Life Sciences

Videos and Christmas Science: Explaining Rudolph’s Red Nose and Other Holiday Mysteries

25 December 2017

Researchers from Johns Hopkins University have applied the Science of Christmas Present to shed light on how Rudolph became the Red-Nosed Reindeer, the Grinch’s heart grew three sizes in one day and a nightshirt-clad Ebenezer Scrooge practiced time travel.

Image:Classic MediaImage:Classic MediaFor those of you who mutter “Humbug!”, please know that the aforementioned literary phenomena were tackled by scientists with advanced degrees in neurobiology, medicine, physics and whimsy.

A genetic genesis is put forth for the origins of Rudolph’s glowing nose, likely due to the transfer of genetic material from a brightly colored coral as his pregnant mother crash landed in the Red Sea. The material obviously entered the mother's bloodstream and was passed to her unborn calf, imparting the properties of bioluminescence. See the video above.

Explains Steve Farber, principal investigator at the Carnegie Institution for Science and a Hopkins biology professor, "Mobile genetic elements are derived from viruses and have the amazing ability to cut and insert chunks of DNA into the genome of its host."

And how did the Grinch's tiny heart grow three sizes on the day he had a change of, um, heart about Christmas? Heart failure or a ruptured valve has been ruled out. The most likely scientific explanation is the Image:MGM TelevisionImage:MGM Televisioncreature’s reptilian nature. He is green, after all.

"He's a snake," said Dr. David Kass, professor of cardiology. "The snake hypothesis covers a lot of bases.” He posits the Grinch to be a python because their hearts enlarge when a large meal is consumed. It is also observed that the Grinch nabbed a roast beast, and does indeed slither. This hypothesis seems to be corroborated by researchers in Colorado who raised pythons and noticed that an oily mix developed in their blood after a big meal that appeared to make their hearts rapidly enlarge.

Here’s a video documenting the scientific validity of this finding.

Albert Einstein's theory of special relativity is invoked in accounting for Scrooge’s time travel. According to Ibrahima Bah, an assistant professor of physics and astronomy, the clock ticks more slowly for someone moving at high speed, which is required to visit the future, with the effect more dramatic as the person approaches the speed of light. Ten years in that person's reference frame can be 30 years to someone standing still.

Source: Wikimedia Foundation,  Marley's ghost, from Charles Dickens: A Christmas Carol. Illustrations by John Leech. London: Chapman & Hall, 1843. First edition.Source: Wikimedia Foundation, Marley's ghost, from Charles Dickens: A Christmas Carol. Illustrations by John Leech. London: Chapman & Hall, 1843. First edition.Going back in time is trickier. Negative energy could create some space-time loop allowing Scrooge to see himself as he was. Sounds good, right? But negative energy doesn't really exist.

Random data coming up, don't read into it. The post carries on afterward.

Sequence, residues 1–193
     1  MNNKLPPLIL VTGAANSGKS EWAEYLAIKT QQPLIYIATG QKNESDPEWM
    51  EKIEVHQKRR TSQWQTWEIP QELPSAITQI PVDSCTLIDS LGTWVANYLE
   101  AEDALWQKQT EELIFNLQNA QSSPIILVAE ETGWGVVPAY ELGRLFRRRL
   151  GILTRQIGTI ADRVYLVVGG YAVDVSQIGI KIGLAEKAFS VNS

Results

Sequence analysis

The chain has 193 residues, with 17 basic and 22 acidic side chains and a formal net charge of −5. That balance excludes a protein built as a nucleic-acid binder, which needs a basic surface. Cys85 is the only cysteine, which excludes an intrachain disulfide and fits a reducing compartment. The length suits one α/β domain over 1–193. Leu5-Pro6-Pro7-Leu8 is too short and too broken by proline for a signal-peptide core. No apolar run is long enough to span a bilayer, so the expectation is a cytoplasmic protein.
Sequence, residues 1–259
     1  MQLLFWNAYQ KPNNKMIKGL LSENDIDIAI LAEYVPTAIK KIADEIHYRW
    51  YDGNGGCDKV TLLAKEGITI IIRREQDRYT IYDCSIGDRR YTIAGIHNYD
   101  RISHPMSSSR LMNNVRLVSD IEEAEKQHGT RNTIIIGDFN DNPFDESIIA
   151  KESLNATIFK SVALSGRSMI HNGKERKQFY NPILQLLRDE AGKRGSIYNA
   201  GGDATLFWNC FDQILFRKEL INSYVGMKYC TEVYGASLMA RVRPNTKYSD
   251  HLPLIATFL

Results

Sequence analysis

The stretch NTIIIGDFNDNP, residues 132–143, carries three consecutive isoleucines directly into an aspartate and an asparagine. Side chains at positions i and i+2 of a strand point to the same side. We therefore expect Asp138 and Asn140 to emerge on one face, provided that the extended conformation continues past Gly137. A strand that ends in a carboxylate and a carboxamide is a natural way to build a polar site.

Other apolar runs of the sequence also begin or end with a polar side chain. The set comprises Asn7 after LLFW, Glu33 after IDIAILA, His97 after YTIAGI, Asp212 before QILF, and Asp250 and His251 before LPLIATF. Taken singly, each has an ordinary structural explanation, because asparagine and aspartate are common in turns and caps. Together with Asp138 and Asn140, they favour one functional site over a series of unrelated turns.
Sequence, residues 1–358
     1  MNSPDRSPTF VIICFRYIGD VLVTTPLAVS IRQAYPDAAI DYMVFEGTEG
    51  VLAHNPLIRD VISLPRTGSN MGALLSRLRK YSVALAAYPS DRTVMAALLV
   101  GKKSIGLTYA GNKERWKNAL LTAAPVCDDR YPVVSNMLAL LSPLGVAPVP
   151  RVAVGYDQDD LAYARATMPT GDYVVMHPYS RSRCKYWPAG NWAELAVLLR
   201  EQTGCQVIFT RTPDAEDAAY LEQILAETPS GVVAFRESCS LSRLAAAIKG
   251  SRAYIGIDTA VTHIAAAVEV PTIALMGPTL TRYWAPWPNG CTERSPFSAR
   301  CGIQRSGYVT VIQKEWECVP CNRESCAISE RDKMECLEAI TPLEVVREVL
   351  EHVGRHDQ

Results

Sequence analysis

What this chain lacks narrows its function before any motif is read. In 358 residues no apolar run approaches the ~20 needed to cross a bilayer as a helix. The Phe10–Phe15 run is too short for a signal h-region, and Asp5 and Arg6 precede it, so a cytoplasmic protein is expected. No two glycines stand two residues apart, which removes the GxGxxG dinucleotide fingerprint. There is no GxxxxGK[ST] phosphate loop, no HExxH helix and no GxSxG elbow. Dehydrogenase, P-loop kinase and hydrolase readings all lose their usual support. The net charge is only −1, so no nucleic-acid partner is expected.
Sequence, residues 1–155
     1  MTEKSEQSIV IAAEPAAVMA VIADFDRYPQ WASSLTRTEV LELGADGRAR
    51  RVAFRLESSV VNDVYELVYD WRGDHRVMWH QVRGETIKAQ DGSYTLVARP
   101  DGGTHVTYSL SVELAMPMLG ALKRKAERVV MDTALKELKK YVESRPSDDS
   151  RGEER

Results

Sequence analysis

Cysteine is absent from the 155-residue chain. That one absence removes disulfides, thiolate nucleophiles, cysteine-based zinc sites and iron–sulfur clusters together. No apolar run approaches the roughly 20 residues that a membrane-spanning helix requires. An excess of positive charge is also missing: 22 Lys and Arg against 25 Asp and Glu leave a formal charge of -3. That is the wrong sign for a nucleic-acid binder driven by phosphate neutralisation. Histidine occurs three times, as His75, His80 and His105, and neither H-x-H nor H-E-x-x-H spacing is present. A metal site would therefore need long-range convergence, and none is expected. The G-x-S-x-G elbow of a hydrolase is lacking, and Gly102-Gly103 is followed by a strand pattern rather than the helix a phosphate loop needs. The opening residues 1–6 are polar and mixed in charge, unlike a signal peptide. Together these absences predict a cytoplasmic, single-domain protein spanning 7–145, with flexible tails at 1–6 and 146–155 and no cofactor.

Or Scrooge could go back through a phenomenon called a naked ring singularity, which involves taking matter, spinning it fast and then collapsing it into a small area to create a rip in the fabric of space. This also sounds appropriately scientifically complex and is also not thought to be possible.

"I've proposed a number of ways this could happen, if you're willing to forgo the impossibilities in the system.

"I'm just having fun," added Bah, who explains all in this video.

We await scientifically rigorous explanations of the Easter Bunny, the Tooth Fairy and the entity that keeps hiding my good pen.

To contact the author of this article, email sue.himmelstein@ieeeglobalspec.com


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Discussion – 2 comments

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Re: Videos and Christmas Science: Explaining Rudolph’s Red Nose and Other Holiday Mysteries
#1
2017-Dec-26 12:13 AM

I always thought that rudolph was always nipping at the bottle and the glow was from the vaporization of the alcohol producing thermal radiation.

Re: Videos and Christmas Science: Explaining Rudolph’s Red Nose and Other Holiday Mysteries
#2
In reply to #1
2018-Jan-05 10:29 AM

I do so like your solution and I will stand by your idea, until the end, the end of what I am not sure. I just read in the local paper about Mary and how she had a little lamb. I have no idea how many times I warned that little lady about falling asleep in the barn, but what's a feller to do. I like Joseph will have her for my bride, but just like the other Joseph said to his Mary, "That better be the "Only" Son of God." Just kidding but I like how you think! Jan. 5th, 2018

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